White Shark: Habits, Diet and Other Facts

White Shark

Considered the most ferocious predator in the oceans, the great white shark has aroused fear and admiration for at least 40 decades, since its famous portrayal in Hollywood cinema. However, its reputation as a 'man-eater' is far from the reality of this animal, which has no food preference for humans.


The white shark (Carcharodon carcharias) is one of the most famous species to inhabit the oceans around the globe, and populates the popular imagination due to its portrayal in several cinematographic works, among which 'Jaws', directed by Steven Spielberg, is the most famous.

This animal has a torpedo-shaped body, which facilitates its swimming, and can reach up to 6.5 meters in length, weighing about 3.4 tons. Among its morphological features are a pointed snout, large pectoral fins, a relatively tall triangular dorsal fin and homocercal caudal fin. The fins even act as important propellers for these animals, which can reach speeds of up to 24 km/h.

The great white shark has several rows of serrated teeth in its mouth (whose opening can reach up to 1.2 m), which even motivated the name of its genus: the word carcharos comes from the Greek and translates as rough/imperfect, while odon means teeth. These sharks have a grayish back and a whitish belly, and they detect compounds in the water thousands of kilometers away with the aid of the ampullae of Lorenzini.


White Shark in ocean

The white shark inhabits temperate and tropical regions, showing a preference for waters with a temperature between 12º and 24º Celsius. These animals are commonly seen in the Pacific and Atlantic oceans, between the coast of the United States and Mexico, also inhabiting southern Africa, the Mediterranean Sea, Japan and Oceania. In coastal and shelf regions, white sharks remain in shallow depths of up to 2 meters, but in the open sea they can reach depths of up to 1,200 meters. These fish perform long oceanic migrations when they become adults, migrating close to shore as juveniles. Usually solitary or seen in pairs, the white shark can form groups of up to 10 individuals, especially when feeding on carcasses. In groups, there is a social hierarchy: in terms of sex, females are superior to males; considering the size, larger individuals prevail over smaller ones; and, finally, in terms of residence time, older sharks prevail over younger ones.


Great white shark

The great white shark is one of the top predators of marine food chains. These animals feed on fish, rays, turtles, octopus, crustaceans, dolphins, sea lions and seals, always opting for prey with a high fat content. Their keen sense of smell (i.e. ampullae of Lorenzini) and hearing are able to detect sick and injured prey over long distances, helping to control the spread of disease in the ocean.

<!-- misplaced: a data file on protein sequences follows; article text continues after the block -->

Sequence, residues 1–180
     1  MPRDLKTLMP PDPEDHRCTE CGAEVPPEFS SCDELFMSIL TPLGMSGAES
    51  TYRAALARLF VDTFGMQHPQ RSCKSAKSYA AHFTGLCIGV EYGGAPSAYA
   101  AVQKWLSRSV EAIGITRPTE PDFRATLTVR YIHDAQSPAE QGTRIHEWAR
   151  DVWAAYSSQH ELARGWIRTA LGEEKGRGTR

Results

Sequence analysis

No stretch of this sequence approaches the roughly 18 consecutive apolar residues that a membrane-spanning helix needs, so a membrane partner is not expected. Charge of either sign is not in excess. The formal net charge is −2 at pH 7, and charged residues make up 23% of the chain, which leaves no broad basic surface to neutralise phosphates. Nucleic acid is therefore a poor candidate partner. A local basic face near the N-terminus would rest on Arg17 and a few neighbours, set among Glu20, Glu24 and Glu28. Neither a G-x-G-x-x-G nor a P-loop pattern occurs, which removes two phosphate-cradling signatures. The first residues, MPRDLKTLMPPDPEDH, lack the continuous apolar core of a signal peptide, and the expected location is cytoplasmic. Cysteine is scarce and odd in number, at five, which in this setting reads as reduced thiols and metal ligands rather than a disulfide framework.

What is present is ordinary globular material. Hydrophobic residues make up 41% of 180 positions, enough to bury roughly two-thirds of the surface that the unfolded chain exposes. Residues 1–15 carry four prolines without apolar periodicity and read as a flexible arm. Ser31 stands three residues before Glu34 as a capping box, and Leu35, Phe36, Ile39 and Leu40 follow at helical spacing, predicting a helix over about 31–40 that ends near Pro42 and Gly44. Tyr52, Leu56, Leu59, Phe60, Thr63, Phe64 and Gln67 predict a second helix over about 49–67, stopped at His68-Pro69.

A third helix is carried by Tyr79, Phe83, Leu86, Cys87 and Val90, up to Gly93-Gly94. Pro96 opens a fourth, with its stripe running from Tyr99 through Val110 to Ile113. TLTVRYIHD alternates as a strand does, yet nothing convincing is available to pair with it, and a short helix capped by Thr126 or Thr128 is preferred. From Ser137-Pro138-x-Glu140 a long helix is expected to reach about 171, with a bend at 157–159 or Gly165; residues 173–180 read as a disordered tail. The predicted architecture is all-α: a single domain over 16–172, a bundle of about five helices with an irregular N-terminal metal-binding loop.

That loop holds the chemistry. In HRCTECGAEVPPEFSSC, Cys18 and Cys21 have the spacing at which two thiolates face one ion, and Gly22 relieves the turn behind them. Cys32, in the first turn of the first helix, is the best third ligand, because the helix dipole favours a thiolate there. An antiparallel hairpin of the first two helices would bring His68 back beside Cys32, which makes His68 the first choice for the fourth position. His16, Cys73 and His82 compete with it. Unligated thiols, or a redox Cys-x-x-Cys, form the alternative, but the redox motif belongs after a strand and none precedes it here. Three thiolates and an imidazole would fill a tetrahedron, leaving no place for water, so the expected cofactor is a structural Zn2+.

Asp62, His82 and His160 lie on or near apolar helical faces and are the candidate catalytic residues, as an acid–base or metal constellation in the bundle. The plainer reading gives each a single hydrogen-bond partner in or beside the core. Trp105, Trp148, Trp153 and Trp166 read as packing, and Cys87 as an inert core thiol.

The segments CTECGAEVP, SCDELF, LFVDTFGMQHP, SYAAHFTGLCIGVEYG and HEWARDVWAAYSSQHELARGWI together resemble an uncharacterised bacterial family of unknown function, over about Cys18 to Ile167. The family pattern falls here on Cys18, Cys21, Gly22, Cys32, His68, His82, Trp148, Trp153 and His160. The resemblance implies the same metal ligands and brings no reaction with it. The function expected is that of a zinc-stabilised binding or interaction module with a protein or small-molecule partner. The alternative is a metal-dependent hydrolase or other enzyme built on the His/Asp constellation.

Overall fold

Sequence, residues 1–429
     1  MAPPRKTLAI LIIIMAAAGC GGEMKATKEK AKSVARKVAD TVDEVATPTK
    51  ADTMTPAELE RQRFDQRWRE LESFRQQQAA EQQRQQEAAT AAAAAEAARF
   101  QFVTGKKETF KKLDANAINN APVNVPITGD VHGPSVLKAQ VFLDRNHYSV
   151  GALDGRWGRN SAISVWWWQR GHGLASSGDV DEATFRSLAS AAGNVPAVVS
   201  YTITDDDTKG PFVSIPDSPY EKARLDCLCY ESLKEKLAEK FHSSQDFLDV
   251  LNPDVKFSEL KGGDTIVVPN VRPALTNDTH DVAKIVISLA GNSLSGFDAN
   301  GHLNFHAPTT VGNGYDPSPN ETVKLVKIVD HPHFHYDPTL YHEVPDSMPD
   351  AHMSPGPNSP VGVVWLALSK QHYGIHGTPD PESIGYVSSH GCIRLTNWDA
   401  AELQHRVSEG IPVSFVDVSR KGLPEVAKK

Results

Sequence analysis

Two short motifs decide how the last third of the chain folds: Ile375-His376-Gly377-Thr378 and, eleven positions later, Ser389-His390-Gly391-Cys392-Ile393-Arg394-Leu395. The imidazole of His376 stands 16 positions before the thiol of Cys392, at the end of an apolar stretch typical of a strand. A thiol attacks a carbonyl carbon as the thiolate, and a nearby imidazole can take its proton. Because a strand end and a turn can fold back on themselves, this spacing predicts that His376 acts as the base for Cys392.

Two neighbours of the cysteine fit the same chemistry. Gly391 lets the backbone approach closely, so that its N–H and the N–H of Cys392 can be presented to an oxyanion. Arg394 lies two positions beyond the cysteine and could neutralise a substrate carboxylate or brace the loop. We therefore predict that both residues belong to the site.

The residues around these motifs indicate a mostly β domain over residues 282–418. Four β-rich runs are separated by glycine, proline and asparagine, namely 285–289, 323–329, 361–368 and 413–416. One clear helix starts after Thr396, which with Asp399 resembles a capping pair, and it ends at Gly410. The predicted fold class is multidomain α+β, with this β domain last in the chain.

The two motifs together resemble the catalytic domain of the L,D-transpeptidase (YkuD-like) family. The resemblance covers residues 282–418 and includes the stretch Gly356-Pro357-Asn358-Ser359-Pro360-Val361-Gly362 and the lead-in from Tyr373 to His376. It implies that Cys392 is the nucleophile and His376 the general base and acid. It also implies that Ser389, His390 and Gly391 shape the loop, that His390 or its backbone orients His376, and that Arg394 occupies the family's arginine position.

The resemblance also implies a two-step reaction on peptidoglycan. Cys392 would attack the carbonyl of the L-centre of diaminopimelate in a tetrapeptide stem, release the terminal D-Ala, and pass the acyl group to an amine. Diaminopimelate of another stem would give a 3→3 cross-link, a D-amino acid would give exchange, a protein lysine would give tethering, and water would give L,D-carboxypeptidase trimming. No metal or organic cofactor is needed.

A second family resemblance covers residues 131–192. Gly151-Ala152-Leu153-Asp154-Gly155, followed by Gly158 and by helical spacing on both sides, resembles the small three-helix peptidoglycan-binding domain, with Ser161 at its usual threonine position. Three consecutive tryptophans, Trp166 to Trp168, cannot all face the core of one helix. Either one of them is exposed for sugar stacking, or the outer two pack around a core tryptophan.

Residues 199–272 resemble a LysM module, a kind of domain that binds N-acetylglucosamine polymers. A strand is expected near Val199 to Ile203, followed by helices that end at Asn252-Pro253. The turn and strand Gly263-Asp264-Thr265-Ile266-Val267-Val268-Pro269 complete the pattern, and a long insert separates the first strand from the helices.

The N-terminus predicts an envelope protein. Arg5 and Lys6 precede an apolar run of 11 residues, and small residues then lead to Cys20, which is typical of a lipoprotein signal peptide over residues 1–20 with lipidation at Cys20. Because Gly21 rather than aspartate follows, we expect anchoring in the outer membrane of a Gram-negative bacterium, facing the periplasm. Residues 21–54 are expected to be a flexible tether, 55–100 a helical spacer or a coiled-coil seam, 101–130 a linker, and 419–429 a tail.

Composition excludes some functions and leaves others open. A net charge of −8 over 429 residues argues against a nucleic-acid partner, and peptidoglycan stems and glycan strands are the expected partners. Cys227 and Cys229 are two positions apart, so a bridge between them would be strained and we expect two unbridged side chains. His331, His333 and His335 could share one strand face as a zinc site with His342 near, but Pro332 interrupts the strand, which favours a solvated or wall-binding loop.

The great white shark has different hunting strategies according to the size of the target species, among which the most common consists of swimming below the prey, climbing at high speed until it gets close enough to bite it. After the bite, the shark observes the victim's bleeding, feeding on it after its death. Regarding the attacks on humans, these are probably caused by a confusion between the shark and the prey; thus, these fish bite humans as a form of testing (in English, test bite or sampling bite) and, after realizing that it is not their usual food, they usually stop the attack.


Of slow growth, low fecundity and relatively late maturation (males at 6 years of age; female between 14-16 years), the great white shark is an ovoviviparous species (ie fertilized eggs develop inside the maternal body), and has low number of chicks (between 2-10) per breeding season. These animals show sexual dimorphism, with females being larger up to 2 meters in length compared to males, and there is no evidence of parental care. During copulation, the male may give light bites to the female, leaving marks on the flanks, back and pectoral fins. The eggs are fertilized inside the female's body, through the release of sperm by the clasper (male sex organ), and the newborns feed on unfertilized eggs.


With the exception of orcas and humans, there are no natural predators for the white shark. However, this species is classified as vulnerable by the IUCN, due to exploratory overfishing (aiming to commercialize its fins, meat and oil) and bycatch (i.e. bycatch). The jaws and teeth of these animals are also highly valued by the market, selling for up to $50,000. The great white shark has also been a target of recreational fishing, due to its size and the danger it offers, which has made it synonymous with status for competitors who aim to capture it.

Although some countries, such as the United States, South Africa, Namibia, Malta and Australia, have introduced measures to assist in the conservation of this species, its image in the eyes of the human population makes their implementation difficult. Currently, ecotourism and diving have stood out as an educational and profit tool in relation to this species, but their populations are still at great risk of collapsing.


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